If I were trying to get into this business and I wanted to get training from an experienced home inspector, I’d hit the phones hard. I’d call every home inspector in my area until I found someone who was willing to train me, and I’d be prepared for a lot of rejection. But eventually, I’d surely find someone. I’d offer to be an assistant inspector in exchange for the opportunity to learn. I don’t know any home inspector who wouldn’t want someone to set their ladder up, go turn the dryer on, get a towel out of my truck (quickly!), etc.
If I couldn’t find someone who was interested in that proposition, I’d offer to pay to learn. If you end up spending $100 per ridealong inspection and you attend 100 home inspections to get a good grasp on what you’re supposed to be doing, I’d call that a bargain.
Oh, and by the way, many home inspectors get "funny" about allowing ridealongs because they're afraid they'll be training their competition. This is partly true, but in a larger market like the Twin Cities, having a few more home inspectors enter the business won't ever make a bit of difference to me. Thousands of houses are sold every month here in the Twin Cities. If a new home inspector enters the market and instantly starts doing two home inspections a day, would I ever feel that impact? No way. I've found that I learn a lot while teaching others, however. If someone is going to enter this business, I'd rather they be a competitor who does things the same way that I do and charges a similar fee; not some hack who charges $200 and gets their home inspections done in an hour.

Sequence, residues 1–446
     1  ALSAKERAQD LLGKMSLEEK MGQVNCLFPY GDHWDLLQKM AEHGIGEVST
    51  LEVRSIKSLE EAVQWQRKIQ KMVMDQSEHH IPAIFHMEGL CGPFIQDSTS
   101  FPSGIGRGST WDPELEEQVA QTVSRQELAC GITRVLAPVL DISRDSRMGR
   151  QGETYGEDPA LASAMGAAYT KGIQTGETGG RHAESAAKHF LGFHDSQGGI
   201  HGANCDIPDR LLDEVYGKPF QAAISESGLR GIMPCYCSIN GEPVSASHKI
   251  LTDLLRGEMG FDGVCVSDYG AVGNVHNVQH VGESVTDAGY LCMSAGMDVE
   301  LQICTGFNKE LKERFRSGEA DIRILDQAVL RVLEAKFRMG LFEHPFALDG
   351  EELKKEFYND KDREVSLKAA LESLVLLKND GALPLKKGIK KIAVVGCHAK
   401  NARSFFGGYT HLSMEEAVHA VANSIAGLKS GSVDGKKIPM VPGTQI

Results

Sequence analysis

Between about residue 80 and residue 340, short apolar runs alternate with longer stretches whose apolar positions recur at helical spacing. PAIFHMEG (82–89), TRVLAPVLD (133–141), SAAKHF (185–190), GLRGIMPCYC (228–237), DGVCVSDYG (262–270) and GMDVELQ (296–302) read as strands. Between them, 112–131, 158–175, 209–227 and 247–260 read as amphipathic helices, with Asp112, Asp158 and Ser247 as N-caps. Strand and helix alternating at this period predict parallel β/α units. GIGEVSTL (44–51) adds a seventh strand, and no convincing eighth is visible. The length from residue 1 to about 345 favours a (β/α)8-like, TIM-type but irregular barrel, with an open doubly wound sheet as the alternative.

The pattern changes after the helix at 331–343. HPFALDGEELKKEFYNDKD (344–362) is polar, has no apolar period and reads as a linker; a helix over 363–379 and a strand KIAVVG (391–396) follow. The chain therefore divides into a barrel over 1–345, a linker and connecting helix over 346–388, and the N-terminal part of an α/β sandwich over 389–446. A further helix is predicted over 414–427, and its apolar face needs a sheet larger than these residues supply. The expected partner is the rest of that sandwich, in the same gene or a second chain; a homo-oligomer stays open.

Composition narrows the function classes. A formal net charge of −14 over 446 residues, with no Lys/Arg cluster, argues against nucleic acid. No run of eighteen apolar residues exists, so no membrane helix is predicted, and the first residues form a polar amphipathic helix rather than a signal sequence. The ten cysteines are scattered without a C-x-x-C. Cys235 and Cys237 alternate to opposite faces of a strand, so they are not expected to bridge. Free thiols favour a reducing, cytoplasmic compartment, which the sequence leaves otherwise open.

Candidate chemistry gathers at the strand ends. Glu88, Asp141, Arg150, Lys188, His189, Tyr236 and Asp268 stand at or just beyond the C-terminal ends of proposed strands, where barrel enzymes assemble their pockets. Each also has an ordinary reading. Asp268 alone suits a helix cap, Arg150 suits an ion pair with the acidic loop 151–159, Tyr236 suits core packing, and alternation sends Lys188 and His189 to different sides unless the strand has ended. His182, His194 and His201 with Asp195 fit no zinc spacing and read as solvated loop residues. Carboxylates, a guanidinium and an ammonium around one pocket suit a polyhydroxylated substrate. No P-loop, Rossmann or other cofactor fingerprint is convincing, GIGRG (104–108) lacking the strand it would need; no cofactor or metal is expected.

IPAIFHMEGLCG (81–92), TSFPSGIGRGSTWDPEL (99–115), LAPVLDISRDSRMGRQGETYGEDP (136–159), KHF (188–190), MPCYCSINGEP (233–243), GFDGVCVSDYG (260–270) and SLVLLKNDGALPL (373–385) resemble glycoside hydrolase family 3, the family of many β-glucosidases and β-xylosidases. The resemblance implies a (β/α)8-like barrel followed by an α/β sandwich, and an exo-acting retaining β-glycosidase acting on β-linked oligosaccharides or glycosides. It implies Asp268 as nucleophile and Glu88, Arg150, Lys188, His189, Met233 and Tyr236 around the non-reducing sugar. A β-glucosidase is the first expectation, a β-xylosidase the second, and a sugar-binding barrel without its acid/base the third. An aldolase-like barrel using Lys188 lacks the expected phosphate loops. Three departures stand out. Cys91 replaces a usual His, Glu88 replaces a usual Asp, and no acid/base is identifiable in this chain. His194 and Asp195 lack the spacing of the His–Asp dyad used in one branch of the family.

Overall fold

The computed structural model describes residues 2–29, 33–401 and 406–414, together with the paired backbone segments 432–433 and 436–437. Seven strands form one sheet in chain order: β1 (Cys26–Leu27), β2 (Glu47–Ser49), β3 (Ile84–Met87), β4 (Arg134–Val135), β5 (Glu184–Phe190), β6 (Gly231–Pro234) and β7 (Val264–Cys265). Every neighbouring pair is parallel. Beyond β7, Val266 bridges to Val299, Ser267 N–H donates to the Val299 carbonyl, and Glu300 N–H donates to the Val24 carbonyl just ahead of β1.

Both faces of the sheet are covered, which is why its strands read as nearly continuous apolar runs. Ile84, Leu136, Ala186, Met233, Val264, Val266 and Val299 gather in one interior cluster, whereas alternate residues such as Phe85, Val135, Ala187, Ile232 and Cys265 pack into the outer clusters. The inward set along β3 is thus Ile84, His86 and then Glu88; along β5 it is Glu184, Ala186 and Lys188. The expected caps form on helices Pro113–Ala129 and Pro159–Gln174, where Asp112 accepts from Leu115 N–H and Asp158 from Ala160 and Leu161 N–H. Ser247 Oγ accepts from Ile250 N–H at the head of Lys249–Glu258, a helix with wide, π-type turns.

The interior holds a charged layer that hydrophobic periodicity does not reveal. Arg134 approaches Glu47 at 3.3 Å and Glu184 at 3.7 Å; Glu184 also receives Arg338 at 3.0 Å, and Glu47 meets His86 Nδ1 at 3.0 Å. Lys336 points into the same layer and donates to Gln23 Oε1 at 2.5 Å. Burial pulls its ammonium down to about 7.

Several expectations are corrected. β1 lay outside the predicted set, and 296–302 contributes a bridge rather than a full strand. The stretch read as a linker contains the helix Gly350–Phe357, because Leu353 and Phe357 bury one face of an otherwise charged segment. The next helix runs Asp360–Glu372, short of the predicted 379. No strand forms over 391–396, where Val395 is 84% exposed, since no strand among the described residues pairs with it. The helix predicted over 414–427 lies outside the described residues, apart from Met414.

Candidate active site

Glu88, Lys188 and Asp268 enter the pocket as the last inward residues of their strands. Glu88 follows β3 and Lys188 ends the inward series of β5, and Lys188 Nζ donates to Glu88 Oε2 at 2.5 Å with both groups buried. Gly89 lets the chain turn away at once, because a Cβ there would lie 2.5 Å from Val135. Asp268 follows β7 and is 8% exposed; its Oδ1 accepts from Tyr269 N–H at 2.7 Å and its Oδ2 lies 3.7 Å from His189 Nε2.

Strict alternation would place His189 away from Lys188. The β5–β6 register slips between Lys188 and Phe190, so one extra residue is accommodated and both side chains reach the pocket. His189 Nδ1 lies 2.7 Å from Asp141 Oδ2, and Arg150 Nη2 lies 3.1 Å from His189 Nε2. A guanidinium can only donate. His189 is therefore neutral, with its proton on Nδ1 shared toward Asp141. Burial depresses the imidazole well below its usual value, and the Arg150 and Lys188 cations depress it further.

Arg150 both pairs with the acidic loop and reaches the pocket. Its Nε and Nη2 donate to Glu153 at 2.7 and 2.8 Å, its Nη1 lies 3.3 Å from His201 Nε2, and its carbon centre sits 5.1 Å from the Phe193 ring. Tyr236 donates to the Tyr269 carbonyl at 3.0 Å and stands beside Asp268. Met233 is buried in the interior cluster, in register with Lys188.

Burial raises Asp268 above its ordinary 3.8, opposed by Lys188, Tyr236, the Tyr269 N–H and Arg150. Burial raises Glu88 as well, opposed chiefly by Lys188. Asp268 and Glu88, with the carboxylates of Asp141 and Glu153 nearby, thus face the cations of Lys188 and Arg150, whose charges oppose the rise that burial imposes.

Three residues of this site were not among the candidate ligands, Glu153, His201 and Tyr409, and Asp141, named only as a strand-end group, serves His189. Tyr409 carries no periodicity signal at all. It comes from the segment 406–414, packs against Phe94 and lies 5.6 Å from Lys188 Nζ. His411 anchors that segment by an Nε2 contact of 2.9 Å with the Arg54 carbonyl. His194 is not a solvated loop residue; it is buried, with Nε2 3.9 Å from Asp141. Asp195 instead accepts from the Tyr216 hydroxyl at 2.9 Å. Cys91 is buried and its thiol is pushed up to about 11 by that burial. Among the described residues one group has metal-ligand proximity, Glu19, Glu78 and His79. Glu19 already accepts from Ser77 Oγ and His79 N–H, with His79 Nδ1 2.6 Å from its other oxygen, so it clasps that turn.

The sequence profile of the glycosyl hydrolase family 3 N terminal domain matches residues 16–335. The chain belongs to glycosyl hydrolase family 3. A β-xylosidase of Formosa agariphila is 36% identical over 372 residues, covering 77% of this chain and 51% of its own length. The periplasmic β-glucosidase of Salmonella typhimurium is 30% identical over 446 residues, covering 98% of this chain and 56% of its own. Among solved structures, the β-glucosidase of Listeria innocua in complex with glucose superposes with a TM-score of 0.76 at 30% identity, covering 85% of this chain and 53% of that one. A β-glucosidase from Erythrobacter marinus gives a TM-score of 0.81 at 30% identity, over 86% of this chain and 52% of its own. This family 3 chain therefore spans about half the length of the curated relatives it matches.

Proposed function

Q: Do you hire and train people without home inspection experience?
A: For sure. We prefer to hire people with a strong background in the building trades, but that’s not a requirement. We hire for personality and the ability to learn. Check out our employment page for more info.
Q: How long does it take to train a new home inspector?